Within a few years, silicon became almost the exclusive semiconductor material for transistors and integrated circuits. But it was not an immediate success. It had to battle germanium in a marketplace where it was five times as costly and where competitors, who had not yet mastered silicon, fought against it bitterly in the field, while they wrestled to make it in the lab.

Adcock moved up the ladder. He was technical director of the consumer electronics division at one time and served on the corporate staff, retiring in 1986.

On March 24, 1959, TI showed off the fruits of Kilby’s work and announced what it called solid circuits (a name that didn’t stick) at a press conference at the Waldorf-Astoria Hotel in New York during the annual convention of the Institute of Radio Engineers. The IRE was the forerunner, through merger with the American Institute of Electrical Engineers in 1962, of the Institute of Electrical and Electronics Engineers—the IEEE.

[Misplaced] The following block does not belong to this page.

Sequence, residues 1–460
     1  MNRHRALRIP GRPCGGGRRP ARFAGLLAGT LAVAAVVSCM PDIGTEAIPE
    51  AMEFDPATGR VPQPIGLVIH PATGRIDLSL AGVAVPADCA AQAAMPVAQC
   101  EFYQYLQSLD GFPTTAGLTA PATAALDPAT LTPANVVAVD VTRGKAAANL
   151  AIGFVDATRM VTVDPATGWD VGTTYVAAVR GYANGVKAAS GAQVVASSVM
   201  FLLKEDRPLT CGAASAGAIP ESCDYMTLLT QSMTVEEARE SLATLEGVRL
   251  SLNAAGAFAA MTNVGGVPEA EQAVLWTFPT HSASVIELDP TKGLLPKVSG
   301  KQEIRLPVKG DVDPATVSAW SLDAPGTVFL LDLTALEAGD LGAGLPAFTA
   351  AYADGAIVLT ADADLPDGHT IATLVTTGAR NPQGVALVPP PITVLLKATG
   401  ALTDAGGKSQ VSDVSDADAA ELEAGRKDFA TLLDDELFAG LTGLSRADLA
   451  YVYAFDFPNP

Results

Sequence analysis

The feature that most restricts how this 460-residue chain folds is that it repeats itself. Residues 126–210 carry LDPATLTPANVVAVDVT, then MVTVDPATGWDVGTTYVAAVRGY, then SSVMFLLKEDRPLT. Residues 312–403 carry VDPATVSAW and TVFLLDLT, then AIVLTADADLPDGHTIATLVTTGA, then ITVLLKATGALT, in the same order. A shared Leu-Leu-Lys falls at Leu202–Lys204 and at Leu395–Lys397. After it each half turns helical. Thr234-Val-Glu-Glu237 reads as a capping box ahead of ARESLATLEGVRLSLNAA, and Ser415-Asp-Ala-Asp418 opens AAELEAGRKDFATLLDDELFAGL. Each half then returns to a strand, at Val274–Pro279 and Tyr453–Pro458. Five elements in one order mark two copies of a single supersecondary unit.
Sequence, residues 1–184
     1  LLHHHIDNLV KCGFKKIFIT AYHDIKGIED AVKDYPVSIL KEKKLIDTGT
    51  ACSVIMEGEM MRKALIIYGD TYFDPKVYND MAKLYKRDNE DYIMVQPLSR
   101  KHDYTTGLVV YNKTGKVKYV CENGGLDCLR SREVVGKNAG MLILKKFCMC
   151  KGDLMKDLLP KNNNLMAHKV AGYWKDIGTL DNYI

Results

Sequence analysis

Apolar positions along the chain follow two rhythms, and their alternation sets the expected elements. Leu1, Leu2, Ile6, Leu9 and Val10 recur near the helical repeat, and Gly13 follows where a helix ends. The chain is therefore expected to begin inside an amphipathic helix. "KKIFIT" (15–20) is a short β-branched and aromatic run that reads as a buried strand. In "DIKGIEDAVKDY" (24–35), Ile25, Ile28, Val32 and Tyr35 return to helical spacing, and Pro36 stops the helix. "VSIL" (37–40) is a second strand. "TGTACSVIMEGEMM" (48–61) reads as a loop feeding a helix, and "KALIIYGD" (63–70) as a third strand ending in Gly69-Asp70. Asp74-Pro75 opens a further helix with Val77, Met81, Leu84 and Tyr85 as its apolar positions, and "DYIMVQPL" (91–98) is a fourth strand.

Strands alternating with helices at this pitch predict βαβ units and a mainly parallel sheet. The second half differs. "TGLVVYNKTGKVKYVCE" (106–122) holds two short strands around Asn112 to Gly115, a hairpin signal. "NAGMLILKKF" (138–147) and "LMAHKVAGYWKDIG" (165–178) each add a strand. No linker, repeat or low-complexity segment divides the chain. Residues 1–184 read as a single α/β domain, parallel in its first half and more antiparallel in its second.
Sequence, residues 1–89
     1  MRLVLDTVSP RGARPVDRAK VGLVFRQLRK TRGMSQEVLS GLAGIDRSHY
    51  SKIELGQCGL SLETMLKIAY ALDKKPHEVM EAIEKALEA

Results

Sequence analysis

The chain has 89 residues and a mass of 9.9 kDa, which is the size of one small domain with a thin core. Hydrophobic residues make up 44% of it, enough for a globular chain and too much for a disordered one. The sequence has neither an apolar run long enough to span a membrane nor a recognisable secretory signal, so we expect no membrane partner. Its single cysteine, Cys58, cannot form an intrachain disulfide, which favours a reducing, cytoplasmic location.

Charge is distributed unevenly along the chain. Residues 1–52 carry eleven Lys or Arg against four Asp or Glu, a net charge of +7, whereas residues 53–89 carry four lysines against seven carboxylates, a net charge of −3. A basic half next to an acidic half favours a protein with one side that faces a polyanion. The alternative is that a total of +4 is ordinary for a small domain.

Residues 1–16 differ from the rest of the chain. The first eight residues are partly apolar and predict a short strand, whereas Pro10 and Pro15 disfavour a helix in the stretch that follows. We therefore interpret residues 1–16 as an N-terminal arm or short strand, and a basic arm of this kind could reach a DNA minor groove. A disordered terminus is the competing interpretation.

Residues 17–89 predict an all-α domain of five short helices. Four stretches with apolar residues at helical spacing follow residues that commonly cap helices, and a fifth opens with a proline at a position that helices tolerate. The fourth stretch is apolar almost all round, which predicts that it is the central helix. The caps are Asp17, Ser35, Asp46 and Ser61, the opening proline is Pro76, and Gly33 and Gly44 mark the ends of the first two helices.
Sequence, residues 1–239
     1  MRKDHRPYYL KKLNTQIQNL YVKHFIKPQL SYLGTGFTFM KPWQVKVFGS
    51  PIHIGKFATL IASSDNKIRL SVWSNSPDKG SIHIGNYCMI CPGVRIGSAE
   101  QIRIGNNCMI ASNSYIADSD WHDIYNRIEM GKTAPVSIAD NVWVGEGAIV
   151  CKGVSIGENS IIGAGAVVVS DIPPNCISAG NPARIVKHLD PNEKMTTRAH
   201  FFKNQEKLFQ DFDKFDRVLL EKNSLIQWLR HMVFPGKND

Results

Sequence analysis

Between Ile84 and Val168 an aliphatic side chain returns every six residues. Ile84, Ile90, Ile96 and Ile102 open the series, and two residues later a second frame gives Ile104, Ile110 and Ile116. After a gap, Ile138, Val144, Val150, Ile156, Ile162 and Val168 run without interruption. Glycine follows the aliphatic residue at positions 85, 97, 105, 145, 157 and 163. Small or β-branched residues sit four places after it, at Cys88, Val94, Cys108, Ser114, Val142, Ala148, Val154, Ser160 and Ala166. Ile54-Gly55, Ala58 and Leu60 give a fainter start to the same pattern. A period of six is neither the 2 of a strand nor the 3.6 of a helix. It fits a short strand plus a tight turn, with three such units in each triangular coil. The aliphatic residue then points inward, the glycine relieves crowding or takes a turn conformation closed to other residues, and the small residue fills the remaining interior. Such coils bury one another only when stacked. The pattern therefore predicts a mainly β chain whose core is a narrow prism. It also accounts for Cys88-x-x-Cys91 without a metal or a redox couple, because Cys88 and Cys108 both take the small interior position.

TI demonstrated an integrated multivibrator with the discrete equivalent of two capacitors, eight resistors, and two diffused-base transistors; and a phase-shift oscillator, with the equivalent of three capacitors, five resistors, and one transistor.

Texas Instruments recognized the importance of what ultimately came to be known as integrated circuits. In a press release, the company wrote that “they are considered to approach the ultimate in miniaturizing complex electronic circuitry and components.” In years to come, it became apparent that they weren’t quite ultimate, as million-transistor ICs became commonplace.